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Wednesday, April 7, 2010

Warm Days

Six o'clock in the morning.  Seventy-five degrees. April. Something isn't quite right. Remember, "April showers bring May flowers?"  I am already watering some of my blooming shrubs because the ground is drying out quickly. It is too hot to work in the yard in the afternoon.  Oh, why didn't we build a pool instead of buying a camper?
Actually, the warm weather has been nice though I do worry about its effects on the plants. And we know the heat won't last.  There will probably be several more frosts before the heat moves in for the summer. It is just such a surprise for April. Tomorrow things will cool down acording to the television weather report.  We'll see.
The heat has already affected some plants.  The banana trees are up two weeks early.  They won't make it through a frost which must surely come.  I'll have to be sure and cover them up warmly on those cold nights. 

My epimedium is up and going strong. The epimedium's heart-shaped leaves are green, tinged with red and sit atop thin, delicate stems which also support its exotic flowers.   This japanese garden staple with roots in China is known by a few other names, more common in Europe. One particular name, horny goat weed comes from shepherds noticing that their goats became even more sexually active than usual after feasting on a patch of the plant.  (At least that is the legend.)  There have been some more modern experiments on its aphrodisiac possibilities.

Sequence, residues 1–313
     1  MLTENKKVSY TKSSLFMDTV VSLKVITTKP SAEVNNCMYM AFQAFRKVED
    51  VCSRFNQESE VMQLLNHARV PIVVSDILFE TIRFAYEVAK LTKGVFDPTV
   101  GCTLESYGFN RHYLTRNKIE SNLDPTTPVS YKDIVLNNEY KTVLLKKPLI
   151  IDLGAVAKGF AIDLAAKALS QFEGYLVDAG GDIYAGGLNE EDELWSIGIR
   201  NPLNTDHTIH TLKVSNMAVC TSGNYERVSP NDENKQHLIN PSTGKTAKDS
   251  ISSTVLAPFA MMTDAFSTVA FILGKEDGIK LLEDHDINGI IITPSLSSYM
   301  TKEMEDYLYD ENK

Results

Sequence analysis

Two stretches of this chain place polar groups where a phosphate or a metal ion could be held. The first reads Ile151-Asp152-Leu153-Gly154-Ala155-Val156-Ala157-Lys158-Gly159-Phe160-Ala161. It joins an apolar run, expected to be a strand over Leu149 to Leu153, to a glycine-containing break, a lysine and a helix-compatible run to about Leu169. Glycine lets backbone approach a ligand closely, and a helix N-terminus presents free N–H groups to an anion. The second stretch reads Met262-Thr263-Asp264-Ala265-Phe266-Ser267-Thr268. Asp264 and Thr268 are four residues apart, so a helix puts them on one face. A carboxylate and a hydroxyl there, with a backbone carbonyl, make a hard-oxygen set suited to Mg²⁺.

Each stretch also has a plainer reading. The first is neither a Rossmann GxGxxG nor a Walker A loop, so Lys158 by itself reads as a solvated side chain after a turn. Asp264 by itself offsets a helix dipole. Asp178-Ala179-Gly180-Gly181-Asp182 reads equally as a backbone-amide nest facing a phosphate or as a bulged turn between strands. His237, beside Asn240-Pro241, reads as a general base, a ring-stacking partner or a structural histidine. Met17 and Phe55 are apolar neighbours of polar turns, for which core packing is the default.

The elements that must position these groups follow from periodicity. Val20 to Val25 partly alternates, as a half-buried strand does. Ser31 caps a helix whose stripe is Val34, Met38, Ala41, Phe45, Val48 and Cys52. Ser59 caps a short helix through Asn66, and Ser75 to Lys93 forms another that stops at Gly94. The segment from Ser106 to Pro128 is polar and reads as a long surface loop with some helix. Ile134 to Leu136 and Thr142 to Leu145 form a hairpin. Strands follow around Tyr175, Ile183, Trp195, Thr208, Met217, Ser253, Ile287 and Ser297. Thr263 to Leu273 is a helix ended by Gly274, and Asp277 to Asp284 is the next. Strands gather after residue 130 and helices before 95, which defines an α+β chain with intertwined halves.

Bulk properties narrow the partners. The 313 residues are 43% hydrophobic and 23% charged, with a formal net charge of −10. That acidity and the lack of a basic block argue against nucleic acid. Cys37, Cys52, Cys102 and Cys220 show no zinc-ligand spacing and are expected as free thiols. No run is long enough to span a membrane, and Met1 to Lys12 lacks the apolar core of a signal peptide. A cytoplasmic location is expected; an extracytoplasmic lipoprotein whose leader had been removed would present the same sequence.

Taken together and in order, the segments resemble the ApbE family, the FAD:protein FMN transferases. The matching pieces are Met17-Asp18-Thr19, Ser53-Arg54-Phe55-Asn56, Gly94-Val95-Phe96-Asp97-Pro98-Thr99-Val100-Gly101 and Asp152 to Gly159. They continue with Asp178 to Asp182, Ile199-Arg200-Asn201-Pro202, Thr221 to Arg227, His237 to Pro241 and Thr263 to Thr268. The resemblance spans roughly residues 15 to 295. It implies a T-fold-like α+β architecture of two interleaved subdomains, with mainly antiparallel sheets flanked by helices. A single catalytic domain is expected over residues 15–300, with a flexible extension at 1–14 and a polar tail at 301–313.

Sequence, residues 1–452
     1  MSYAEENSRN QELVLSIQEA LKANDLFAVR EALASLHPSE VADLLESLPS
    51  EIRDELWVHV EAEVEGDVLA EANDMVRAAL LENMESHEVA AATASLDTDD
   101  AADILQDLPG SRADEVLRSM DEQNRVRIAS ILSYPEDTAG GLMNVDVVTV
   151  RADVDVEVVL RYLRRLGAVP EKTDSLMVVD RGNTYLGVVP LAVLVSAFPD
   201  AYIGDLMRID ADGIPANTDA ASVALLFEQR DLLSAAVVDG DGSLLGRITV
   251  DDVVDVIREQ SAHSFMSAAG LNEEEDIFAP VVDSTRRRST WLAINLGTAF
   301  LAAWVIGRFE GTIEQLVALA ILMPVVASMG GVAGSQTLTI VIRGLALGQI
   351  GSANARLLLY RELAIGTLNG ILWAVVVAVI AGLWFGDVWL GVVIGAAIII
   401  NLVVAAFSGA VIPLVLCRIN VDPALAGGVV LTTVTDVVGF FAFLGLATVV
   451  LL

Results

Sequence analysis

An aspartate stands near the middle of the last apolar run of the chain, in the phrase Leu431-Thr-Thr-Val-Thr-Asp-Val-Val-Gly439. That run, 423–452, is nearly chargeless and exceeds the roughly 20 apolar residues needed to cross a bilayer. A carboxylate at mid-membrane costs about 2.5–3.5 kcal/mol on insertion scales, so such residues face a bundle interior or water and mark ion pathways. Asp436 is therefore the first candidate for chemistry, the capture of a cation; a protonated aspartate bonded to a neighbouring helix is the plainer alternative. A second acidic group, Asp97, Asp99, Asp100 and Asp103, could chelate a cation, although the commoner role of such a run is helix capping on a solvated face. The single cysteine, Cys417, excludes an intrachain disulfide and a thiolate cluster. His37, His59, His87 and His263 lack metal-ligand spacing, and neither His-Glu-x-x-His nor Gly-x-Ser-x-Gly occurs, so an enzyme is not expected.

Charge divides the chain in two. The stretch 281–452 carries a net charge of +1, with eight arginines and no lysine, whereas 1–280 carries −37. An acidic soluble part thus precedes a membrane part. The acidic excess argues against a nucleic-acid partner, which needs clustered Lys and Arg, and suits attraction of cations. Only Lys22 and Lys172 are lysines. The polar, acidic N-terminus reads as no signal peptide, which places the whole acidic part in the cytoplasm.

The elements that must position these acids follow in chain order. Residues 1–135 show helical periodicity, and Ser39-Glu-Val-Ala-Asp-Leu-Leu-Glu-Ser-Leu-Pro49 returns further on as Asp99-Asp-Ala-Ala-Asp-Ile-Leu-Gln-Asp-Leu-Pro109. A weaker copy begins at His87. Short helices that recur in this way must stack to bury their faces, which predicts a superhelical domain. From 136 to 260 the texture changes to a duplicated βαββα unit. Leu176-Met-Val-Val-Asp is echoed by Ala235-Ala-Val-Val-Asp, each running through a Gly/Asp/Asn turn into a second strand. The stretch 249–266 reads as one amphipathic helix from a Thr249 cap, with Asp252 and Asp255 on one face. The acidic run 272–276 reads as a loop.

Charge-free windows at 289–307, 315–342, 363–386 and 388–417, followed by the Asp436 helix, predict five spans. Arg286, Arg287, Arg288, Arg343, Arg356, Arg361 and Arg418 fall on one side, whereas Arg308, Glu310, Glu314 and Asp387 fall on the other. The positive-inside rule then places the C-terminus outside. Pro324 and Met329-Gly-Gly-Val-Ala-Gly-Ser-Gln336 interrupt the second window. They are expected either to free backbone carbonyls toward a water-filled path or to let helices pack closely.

I have little fear of goats eating mine.  It rests under the outer edges of a spruce tree, just barely in the sun.   Every time I see it I think of my mom's friend Trish who insisted that Mom bring the plant to me.  From Mom's description of my garden, Trish was sure that it was the perfect specimen.  I do like it.  Some descriptions call it troublesome for spreading too quickly but that doesn't seem to be a problem in my dry clay soil.  I also use the plant to mark a diminutive verigated hosta which grows beside it. 

The hosta is five years old and never reaches more than a few six inches in diameter.  I took it from a full-size specimen that was becoming overgrown in a business landscape planting.  It grows near other hostas that reach full size so it is either a mutation or needs more sun.  I'll try transplanting it this year if it shows up again.

I'm excited to find the fiddleheads of two ostrich ferns I transplanted from the woods last spring.  I don't have much water for my garden and in August the ferns dried away to almost nothing causing me to believe they had died.  Last spring we found three groups with three ferns each, growing along the gas right-of-way.  I took one waist-high fern from each group.  Whenever taking a plant from the wild, I always make sure to leave a stable colony behind.  While I probably should have taken less ferns, I'm was afraid that they would soon be mowed down by the gas company.  The ferns were right on the border of what they mow and sure enough, they mowed last fall but probably late enough to ensure that the ferns will return as did the ones now residing in my garden.

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